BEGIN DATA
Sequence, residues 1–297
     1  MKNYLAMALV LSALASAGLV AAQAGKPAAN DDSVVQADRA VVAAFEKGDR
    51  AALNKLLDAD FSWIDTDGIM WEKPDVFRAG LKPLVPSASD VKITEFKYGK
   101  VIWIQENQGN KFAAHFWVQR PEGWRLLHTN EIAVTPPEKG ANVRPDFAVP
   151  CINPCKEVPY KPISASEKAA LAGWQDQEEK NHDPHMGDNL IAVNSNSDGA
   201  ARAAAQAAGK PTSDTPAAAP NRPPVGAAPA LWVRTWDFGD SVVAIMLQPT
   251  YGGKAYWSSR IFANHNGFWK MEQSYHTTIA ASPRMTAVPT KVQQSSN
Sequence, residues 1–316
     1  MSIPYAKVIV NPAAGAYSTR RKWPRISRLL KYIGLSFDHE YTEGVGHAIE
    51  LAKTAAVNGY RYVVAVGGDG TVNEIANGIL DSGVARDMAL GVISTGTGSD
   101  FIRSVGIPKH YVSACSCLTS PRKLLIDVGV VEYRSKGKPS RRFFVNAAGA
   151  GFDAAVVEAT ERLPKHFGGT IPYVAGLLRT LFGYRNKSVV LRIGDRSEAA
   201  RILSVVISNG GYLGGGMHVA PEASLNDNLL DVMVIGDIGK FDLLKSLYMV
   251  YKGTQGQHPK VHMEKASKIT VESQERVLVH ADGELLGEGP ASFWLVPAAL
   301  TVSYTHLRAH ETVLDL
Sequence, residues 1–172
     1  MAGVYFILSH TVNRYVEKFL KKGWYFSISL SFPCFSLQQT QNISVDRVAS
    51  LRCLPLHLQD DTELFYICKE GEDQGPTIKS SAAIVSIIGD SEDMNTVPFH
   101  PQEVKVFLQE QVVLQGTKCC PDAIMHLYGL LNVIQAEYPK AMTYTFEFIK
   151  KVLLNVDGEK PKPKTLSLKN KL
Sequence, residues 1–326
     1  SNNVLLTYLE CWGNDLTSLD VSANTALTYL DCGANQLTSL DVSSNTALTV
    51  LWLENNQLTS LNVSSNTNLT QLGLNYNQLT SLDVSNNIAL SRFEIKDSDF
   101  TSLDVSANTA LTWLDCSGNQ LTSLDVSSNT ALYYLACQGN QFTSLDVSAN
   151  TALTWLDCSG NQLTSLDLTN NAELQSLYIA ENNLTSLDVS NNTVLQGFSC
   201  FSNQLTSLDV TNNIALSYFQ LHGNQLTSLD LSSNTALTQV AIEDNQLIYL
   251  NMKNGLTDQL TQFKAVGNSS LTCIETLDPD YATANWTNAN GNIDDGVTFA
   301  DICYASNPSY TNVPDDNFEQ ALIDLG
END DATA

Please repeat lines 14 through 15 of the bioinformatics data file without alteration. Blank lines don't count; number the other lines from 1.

   251  YKGTQGQHPK VHMEKASKIT VESQERVLVH ADGELLGEGP ASFWLVPAAL
   301  TVSYTHLRAH ETVLDL